Stock Market Today: Stocks Fall Amid Recession Fear, FedEx Warning
US stock futures fell on Friday, while the dollar resumed its rally in foreign exchange markets and Treasury yields tested new highs, as investors navigate an increasingly narrow path between slowing global growth and hawkish central bank signals.
Strong data from China on Friday, which posted better-than-expected gains in retail sales and industrial production during the month of August, failed to offset global recession fears voiced yesterday by the World Bank, which it said is experiencing the biggest slowdown since the early 1970s. Adding that “a moderate blow to the global economy over the next year may push it into recession.”
“To achieve lower inflation, currency stability, and faster growth, policymakers can shift their focus from reducing consumption to boosting production,” World Bank President David Malpass said. “Policies should seek to generate additional investment and improve productivity and capital allocation, which are critical to growth and poverty reduction.”
The IMF wasn’t quite so gloomy, noting that it was too early to make a call about a 2023 recession, but it nonetheless trimmed its growth forecasts for this year and next ahead of a more detailed fall report due next month.
Meanwhile, near-term warnings about extended supply chain disruptions from General Electric, as well as a poor near-term outlook from FedEx, only reflect concerns that support the recession outlook.
Meanwhile, interest rate hikes from the Federal Reserve, the Bank of England and the European Central Bank have investors worried that weak fundamentals will be made worse by higher borrowing costs, pushing them into safer assets like the US dollar.
The dollar index, which measures the greenback against a basket of six world currencies, rose 0.33% in the evening session to 110,098, pushing the pound to its lowest level since March 1985.
The odds of a move 100 basis points from the Fed next week, which will be the largest since 1984, are steady at around 20%, based on data reflected in CME Group’s FedWatch, with the potential to increase bets on subsequent increases. The federal funds rate is set to be between 4.25% and 4.5% by the end of February.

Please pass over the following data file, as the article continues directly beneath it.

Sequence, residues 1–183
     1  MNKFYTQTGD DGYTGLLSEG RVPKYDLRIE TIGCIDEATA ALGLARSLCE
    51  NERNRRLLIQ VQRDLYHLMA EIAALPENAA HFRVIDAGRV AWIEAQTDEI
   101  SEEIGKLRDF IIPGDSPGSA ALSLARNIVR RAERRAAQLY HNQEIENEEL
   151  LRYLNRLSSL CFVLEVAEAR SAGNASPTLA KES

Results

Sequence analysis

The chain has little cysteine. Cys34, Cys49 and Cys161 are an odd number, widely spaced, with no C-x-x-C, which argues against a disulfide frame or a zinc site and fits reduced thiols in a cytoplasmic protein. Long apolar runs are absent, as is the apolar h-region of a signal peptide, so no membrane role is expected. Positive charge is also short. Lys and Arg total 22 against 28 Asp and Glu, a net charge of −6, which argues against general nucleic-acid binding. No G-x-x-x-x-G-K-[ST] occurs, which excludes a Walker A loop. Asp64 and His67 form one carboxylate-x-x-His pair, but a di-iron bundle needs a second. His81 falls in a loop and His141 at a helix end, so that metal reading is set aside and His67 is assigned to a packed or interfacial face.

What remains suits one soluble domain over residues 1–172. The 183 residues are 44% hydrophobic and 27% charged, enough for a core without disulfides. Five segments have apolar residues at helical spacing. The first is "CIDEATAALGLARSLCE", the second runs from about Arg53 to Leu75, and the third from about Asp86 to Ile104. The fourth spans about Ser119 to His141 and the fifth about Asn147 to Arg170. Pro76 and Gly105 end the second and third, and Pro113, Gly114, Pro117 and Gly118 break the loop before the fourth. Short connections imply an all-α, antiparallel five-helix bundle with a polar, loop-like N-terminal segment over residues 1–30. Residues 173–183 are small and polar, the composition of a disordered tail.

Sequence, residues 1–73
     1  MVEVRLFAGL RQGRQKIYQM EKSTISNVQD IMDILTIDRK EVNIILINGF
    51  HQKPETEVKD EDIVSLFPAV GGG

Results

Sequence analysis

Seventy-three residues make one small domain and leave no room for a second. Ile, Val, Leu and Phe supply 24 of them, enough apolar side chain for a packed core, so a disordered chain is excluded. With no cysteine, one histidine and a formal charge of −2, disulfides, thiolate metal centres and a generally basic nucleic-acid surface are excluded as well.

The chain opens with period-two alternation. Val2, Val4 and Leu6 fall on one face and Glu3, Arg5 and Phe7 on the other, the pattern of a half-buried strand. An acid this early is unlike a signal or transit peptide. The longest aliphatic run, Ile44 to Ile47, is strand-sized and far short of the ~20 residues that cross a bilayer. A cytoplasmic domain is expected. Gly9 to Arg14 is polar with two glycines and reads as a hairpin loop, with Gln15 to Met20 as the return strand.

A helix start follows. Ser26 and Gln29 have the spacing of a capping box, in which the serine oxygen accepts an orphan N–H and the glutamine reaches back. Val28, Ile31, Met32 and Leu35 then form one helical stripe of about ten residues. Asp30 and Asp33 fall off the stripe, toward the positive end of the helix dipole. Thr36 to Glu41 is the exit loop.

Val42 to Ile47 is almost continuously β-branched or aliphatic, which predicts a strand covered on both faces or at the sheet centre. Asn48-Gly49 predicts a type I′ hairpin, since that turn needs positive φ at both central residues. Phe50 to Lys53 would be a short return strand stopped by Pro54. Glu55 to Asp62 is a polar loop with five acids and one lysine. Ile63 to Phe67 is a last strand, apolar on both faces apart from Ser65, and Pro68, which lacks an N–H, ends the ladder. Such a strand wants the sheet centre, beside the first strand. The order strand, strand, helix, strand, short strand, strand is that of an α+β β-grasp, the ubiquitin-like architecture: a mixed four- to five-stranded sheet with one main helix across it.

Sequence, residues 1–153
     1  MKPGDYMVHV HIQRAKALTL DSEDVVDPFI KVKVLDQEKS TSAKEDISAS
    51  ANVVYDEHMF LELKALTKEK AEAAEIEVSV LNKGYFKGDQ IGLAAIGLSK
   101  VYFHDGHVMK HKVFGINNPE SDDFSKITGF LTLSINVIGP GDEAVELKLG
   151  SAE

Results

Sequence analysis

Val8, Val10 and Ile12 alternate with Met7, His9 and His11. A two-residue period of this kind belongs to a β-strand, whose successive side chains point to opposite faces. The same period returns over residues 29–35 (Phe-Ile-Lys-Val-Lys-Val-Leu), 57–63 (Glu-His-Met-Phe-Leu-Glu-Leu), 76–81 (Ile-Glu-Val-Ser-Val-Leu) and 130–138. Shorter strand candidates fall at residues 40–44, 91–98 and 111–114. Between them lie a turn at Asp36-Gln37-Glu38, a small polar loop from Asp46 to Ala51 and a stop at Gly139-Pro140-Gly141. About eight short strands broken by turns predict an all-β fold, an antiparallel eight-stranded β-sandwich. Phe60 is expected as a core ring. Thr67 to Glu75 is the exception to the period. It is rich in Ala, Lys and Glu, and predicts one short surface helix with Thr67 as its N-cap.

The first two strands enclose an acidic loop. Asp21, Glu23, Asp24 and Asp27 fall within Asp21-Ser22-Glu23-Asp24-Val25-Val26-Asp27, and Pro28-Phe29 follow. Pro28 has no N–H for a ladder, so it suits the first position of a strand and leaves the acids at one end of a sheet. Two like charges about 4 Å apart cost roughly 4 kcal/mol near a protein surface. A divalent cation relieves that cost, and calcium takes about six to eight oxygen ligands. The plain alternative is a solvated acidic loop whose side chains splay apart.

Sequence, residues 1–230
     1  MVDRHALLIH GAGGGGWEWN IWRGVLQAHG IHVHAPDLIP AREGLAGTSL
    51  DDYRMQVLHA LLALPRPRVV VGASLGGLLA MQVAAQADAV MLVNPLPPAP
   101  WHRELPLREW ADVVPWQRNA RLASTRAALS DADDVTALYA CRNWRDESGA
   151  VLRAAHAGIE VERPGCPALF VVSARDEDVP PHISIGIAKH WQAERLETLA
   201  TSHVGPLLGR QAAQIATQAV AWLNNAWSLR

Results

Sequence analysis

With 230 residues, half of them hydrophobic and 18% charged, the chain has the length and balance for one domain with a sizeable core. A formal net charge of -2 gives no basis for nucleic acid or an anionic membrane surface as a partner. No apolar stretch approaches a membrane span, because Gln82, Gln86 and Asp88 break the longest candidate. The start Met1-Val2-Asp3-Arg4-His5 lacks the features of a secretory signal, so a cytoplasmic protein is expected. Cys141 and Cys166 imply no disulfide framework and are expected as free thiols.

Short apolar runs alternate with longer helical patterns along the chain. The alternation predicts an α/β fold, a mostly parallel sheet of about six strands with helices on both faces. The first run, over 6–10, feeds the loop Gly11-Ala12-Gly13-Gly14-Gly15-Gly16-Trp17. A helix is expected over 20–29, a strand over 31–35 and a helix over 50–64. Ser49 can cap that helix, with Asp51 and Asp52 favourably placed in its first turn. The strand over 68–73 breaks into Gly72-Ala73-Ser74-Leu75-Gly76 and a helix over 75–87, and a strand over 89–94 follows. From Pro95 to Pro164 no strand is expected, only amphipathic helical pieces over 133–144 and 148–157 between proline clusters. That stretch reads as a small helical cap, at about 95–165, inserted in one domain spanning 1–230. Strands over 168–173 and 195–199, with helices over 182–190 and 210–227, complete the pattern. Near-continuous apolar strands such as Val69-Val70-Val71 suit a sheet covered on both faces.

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Bond markets are warning of a recession as well, with 2-year bond yields rising to 3.903% in overnight trading, consolidating the difference on 10-year notes at 43.4 basis points.
The key reading of consumer confidence, due today at 10:00 AM ET, could provide more details on whether the greater part of the domestic economy is ready to contribute to growth prospects over the coming months.
With gas prices lower and stock prices still north of their lows in early June, economists expect to see a strong jump in the main body of the University of Michigan benchmark which was pegged at 58.2 last month but was measured at 70.6 before the Russian invasion. Ukraine earlier this year.
The survey’s view of inflation expectations is also important, given the headwinds seen in US retail sales – despite lower gas prices – and surprisingly fast rates for the headline and core readings for August.
On Wall Street, futures linked to the S&P 500 are quoting the opening bell down 31 points while contracts linked to the Dow Jones Industrial Average are priced down 210 points. Technology-focused Nasdaq-related futures are indicating a 110-point move to the downside.
European shares posted a 1.06% drop in early Frankfurt trading, following a 1.4% drop for the previous MSCI Japan index across the region in Asia.
FedEx (FDX) Stocks were the main driver of pre-market, dropping nearly 20% after the world’s largest package delivery group withdrew its full-year earnings guidance after a surprise first-quarter update after trading closed Thursday.
General Electric (GE) Stocks fell 4% after the industry group warned that ongoing disruptions in the supply chain could reduce its closely-tracked cash flow forecast.
Uber Technologies (Uber) It fell 6.1% after it confirmed a New York Times report of a cybersecurity breach of ride-sharing group’s internal IT systems.